Clear film projection transparencies in current use include two popular types: xerographic or plain paper copier transparencies, and thermal (infrared) transparencies. The xerographic transparencies are loaded into a plain paper copier (dry paper copier) in the same manner as plain paper used for making copies of an original. The xerographic transparencies accept a xerographic image of the original in the same manner as does paper. As is well known in the art, the image is formed by transferring a toner to a surface of the transparency, and the toner is fused into the surface, to provide a permanent copy. The thermal transparencies are imaged by exposure to infrared radiation in the presence of an original, with the image being formed chemically. Xerographic transparencies typically are made from a thin film of an organic resin, such as a polyester resin film, constituting a base sheet, and a resin coating or film on a surface of the base sheet which is compatible with the xerographic toner and the base sheet, and serves to anchor the xerographic image and minimize static electricity. The patent literature discloses that the resins employed in coatings on the base sheet include vinyl, acrylic, styrene, and linear polyester resins, and hydrophilic colloids of hydrolyzed cellulose acetate and hydroxethyl cellulose, as disclosed, for example, in U.S. Pat. Nos. 3,854,942; 3,949,148; 4,085,245; 4,259,422; and 4,320,186. The patents also disclose various problems encountered in the manufacture of such transparencies, including the problems of achieving good adherence of the image-forming toner to the transparency, avoiding image distortion, and reducing static electricity, so as to permit automatically feeding a plurality of stacked transparency sheets to the copier without interference caused by electrostatic attraction of adjacent sheets to each other. The ideal xerographic transparency should be nearly static-free, highly transparent, and have a scratch-resistant coating, and when xerographically imaged, should have a well-adhered, faithful image, not subject to cracking, and having a high contrast ratio. In providing such a transparency, various other problems are to be avoided or minimized, including curling, sticking, fogginess, splotches, streakiness, waviness, rainbowing, and wrinkling.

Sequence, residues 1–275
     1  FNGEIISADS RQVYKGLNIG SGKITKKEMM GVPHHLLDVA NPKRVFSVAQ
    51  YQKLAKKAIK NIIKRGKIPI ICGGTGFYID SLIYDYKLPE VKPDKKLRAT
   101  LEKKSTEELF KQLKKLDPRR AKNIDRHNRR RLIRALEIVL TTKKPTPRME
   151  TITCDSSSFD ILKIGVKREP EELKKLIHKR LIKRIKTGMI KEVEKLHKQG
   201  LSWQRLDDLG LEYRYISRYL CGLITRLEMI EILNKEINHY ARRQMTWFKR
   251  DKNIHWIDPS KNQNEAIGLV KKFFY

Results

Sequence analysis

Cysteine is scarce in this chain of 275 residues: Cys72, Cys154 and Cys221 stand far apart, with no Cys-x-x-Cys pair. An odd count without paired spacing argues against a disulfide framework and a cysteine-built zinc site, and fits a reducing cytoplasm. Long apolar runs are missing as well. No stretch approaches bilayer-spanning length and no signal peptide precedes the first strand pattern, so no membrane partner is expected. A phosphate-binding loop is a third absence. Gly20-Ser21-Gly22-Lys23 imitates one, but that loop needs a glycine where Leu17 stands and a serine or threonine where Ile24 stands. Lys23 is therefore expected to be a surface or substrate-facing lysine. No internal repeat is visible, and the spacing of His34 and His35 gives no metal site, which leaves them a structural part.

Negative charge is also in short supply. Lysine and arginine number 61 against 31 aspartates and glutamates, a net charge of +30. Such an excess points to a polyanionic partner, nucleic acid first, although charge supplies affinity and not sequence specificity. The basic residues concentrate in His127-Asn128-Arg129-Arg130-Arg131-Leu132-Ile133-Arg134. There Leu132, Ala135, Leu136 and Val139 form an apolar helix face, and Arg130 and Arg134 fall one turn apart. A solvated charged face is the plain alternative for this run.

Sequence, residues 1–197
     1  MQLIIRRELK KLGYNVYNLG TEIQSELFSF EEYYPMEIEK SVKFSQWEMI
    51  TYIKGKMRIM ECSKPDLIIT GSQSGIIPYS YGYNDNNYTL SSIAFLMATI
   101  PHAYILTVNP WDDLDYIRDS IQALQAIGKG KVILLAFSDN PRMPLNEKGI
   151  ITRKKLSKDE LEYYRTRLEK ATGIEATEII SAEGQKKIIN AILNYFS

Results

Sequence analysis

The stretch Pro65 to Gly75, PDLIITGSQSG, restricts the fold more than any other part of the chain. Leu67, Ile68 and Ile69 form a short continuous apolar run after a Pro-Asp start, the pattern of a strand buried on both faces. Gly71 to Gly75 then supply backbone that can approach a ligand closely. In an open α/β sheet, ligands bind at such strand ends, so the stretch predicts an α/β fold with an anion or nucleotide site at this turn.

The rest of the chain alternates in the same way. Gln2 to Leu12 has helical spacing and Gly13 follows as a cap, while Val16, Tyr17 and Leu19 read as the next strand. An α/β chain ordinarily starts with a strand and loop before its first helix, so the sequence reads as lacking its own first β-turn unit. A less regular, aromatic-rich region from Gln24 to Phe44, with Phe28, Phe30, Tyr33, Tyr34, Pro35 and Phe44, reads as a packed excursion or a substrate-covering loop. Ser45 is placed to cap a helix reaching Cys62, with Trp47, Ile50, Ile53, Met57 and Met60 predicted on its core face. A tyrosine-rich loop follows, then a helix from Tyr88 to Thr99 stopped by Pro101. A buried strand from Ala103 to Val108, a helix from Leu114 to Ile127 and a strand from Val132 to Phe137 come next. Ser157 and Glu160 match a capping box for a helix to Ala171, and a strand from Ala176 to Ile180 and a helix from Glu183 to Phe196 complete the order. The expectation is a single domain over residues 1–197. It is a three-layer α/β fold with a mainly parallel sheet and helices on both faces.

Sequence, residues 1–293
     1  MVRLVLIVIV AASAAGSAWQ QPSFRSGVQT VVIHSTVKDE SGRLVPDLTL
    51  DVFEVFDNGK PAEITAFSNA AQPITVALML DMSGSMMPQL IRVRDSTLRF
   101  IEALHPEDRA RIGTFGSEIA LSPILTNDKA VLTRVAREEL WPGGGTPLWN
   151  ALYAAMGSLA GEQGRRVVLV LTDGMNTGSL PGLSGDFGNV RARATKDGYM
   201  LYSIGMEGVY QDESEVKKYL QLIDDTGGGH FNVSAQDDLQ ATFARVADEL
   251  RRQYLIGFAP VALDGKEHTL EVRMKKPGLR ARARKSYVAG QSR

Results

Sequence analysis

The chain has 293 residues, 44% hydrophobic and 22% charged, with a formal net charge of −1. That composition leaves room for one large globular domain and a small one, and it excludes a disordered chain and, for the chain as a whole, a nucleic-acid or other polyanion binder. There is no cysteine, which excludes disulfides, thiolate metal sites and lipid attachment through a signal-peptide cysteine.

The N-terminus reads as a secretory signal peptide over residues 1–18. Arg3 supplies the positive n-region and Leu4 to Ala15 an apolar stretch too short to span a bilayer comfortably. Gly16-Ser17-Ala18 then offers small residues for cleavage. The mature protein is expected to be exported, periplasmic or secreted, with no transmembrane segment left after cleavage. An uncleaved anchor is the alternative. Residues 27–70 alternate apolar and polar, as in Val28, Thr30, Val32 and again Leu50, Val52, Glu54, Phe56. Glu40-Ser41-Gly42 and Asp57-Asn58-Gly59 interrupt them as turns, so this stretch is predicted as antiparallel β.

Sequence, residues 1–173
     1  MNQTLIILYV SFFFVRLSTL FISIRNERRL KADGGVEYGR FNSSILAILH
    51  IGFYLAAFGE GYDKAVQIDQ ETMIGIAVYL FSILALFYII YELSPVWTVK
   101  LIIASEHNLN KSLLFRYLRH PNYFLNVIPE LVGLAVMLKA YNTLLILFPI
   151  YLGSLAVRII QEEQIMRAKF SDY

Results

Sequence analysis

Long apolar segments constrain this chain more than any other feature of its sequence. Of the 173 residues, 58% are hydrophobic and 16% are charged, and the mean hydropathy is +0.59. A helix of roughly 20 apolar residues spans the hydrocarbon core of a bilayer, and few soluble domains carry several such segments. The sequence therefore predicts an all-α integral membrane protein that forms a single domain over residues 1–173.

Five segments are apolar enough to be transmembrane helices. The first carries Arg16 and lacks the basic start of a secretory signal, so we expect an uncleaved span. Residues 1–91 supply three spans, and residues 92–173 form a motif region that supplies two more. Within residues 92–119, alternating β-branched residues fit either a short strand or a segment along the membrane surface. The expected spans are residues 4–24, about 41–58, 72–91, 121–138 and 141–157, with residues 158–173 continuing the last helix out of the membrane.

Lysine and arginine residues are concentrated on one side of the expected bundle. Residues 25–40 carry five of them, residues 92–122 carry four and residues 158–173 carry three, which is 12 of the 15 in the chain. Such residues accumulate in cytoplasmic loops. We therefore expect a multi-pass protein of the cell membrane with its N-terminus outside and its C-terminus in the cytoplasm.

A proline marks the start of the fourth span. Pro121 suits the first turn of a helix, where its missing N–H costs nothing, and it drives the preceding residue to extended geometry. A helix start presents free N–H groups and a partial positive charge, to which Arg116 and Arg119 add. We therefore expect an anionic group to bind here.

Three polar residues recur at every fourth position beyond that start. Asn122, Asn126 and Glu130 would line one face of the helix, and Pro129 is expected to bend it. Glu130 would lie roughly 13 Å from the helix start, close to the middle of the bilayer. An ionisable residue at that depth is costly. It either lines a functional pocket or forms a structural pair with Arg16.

SUMMARY OF THE INVENTION

In accordance with the invention, an excellent xerographic transparency is provided, employing a polyester resin film sheet as the base sheet, and an image-receiving coating thereon in which the film-former is nitrocellulose. The transparency achieves the above-described qualities of being nearly static-free, highly transparent or light-transmitting, and scratch-resistant, and a xerographic image adheres strongly thereto, without cracking or distortion, providing an accurate image having a high contrast ratio. The various other tendencies listed above are substantially avoided or minimized, so that they are not substantial factors in imaging and use of the transparency, particularly, use in overhead projection equipment for projecting images on a viewing screen.

More particularly, the invention provides a transparency for receiving adherently thereon a toner-developed latent electrostatic image, which includes a polyester resin film sheet and an image-receiving coating on at least one surface of the sheet and comprising nitrocellulose, a plasticizer, and a particulate material dispersed in the coating. Preferably, an antistatic agent also is included in the coating.